How much should my Labrador weigh?

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People often ask “How much should my Labrador weigh?”

Most days on the Labrador site we receive a comment or email from someone who tells us exactly how old their dog is, and wants to know how many pounds, or kilos, he should weigh.

However,  Labradors come in a wide variety of sizes.

In this article we will take a look at the right size for a fit and healthy dog, and how to spot when he’s piling on the pounds.

Some of our chunkier, show bred Labs can be a good twenty pounds or more heavier than their field bred cousins, without necessarily being overweight.

A naturally big (not fat) Labrador may have a larger overall ‘frame’ with bigger bones.  But they should still look ‘slim’.

The Labrador in the photo below is obese and needs to lose weight urgently.

Muscle is heavier than fat

It is worth bearing in mind,  that a very fit dog will have more muscle and may weigh more than a fat, unfit dog of similar dimensions.

For these reasons, it simply is not possible to give a ‘rule of thumb’ on adult Labrador weights.

Unless a dog is grossly obese, or desperately thin, the scales may not be an accurate reflection of the dog’s state of health.

So how do I know if my dog is too fat?

The way to effectively judge whether your dog is too fat, is by feel and appearance.fatlab2Your dog should have a ‘waist’.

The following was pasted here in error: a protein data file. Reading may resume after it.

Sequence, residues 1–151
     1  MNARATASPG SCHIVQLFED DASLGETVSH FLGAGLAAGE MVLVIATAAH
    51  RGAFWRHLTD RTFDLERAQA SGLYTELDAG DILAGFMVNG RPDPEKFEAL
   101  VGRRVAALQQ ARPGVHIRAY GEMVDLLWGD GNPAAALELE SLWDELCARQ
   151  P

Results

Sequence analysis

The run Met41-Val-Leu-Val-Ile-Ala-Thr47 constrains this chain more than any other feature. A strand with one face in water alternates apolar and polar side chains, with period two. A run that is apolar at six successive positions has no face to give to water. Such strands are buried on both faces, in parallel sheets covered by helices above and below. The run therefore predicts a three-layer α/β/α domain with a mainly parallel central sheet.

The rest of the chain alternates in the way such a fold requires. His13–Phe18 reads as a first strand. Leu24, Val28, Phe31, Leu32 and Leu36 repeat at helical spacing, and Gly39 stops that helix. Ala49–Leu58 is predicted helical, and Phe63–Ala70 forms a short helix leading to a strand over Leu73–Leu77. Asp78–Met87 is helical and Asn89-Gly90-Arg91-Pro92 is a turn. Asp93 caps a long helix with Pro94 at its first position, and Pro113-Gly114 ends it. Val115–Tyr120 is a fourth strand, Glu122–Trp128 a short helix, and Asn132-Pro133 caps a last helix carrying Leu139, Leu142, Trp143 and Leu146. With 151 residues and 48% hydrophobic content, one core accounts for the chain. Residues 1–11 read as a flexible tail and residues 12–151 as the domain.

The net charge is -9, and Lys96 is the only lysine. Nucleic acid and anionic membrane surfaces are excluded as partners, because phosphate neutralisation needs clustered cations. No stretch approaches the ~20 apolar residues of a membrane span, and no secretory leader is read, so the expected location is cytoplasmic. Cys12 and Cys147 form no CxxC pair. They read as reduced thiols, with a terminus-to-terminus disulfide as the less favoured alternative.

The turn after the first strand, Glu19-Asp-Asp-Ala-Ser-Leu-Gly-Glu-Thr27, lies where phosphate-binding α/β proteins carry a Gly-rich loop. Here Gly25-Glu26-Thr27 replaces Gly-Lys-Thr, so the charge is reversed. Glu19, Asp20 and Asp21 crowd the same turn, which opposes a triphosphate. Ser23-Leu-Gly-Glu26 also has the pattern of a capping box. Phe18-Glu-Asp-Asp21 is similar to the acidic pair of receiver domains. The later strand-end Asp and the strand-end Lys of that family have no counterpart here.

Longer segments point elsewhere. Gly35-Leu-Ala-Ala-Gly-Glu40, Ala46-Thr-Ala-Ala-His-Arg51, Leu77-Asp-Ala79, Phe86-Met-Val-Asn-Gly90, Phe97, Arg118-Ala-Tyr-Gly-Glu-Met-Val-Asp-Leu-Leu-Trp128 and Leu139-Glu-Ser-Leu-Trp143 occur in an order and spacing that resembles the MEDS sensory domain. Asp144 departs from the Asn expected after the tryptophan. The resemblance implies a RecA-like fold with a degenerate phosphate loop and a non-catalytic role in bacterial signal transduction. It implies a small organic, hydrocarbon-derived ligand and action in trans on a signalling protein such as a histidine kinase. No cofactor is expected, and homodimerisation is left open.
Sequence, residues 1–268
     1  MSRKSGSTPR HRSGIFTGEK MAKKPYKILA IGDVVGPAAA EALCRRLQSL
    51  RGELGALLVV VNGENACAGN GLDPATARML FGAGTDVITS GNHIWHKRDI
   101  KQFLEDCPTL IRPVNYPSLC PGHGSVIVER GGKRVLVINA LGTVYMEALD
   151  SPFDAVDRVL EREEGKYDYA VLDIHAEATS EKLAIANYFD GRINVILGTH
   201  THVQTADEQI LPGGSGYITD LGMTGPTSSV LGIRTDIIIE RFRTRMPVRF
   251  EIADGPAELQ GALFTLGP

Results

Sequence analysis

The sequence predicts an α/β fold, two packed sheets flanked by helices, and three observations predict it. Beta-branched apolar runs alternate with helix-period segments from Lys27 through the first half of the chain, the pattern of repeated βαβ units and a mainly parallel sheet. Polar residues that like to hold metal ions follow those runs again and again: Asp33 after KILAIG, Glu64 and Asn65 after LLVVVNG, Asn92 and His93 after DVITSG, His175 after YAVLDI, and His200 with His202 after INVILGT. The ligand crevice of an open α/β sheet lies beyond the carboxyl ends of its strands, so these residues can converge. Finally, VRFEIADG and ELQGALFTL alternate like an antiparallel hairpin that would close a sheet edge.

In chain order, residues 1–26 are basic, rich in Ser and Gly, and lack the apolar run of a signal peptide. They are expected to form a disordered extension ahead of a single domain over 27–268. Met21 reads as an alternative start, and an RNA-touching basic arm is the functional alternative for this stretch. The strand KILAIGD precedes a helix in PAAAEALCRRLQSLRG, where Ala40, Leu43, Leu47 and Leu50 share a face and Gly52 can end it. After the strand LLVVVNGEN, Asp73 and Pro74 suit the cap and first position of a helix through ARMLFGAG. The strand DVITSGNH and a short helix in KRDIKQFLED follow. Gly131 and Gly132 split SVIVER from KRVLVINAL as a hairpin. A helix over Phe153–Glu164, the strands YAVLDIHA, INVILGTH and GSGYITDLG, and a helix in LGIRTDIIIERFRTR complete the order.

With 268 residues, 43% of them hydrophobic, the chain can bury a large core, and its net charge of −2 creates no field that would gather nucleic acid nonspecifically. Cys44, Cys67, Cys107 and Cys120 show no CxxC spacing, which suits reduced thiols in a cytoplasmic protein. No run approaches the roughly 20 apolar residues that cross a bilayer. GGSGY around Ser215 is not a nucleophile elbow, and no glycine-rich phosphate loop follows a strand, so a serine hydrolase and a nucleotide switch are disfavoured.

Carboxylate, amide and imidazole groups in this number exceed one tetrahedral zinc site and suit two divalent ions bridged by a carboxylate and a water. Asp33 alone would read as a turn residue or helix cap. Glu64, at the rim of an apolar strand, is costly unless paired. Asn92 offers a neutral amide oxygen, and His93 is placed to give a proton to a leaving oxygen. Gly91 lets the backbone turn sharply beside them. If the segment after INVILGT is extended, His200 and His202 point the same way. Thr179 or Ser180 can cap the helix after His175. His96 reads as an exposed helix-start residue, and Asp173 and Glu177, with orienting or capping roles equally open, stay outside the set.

You should not be able to see ribs,  but if you press firmly along his sides you should just be able to feel your fingers bumping along them.

You can read about this in more detail in our article on Fat Labradors  where you can also find a picture of a Labrador at a healthy weight.

What about puppies?

To an extent, this information applies to puppies as well as adults.   People often worry a lot about their puppy’s weight.

But in most cases it really is not necessary to weigh your puppy every day, or even every week!

Any more than you would weigh your three year old child on a daily or even weekly basis.

There are however, some exceptions.

Very thin puppies

Occasionally we have people post up about puppies that are desperately underweight and clearly failing to thrive.

Most of these comments come from people that have purchased puppies that are not ready to leave their mothers, and should not have been sold by the breeder.

Some of these puppies are as young as three weeks old.

If you have inadvertently been sucked into this horrible trade in underage puppies,  please check out our article: Too Young to Leave Mum,  and do contact a vet for help with feeding your puppy, as a matter of urgency.

If you are concerned that your puppy might be seriously underweight, again, your vet is the first port of call.

As a very rough guide,  many Labrador puppies will weigh around a kilo for every week of their lives.  So you would expect a ten week puppy to weigh something in the region of ten kilos or around twenty-two pounds.

A twenty percent variation around this would be fairly normal.  If your puppy falls outside this variation he may still be perfectly healthy,  but if you are inexperienced,  a check with the vet is a good way to put your mind at rest.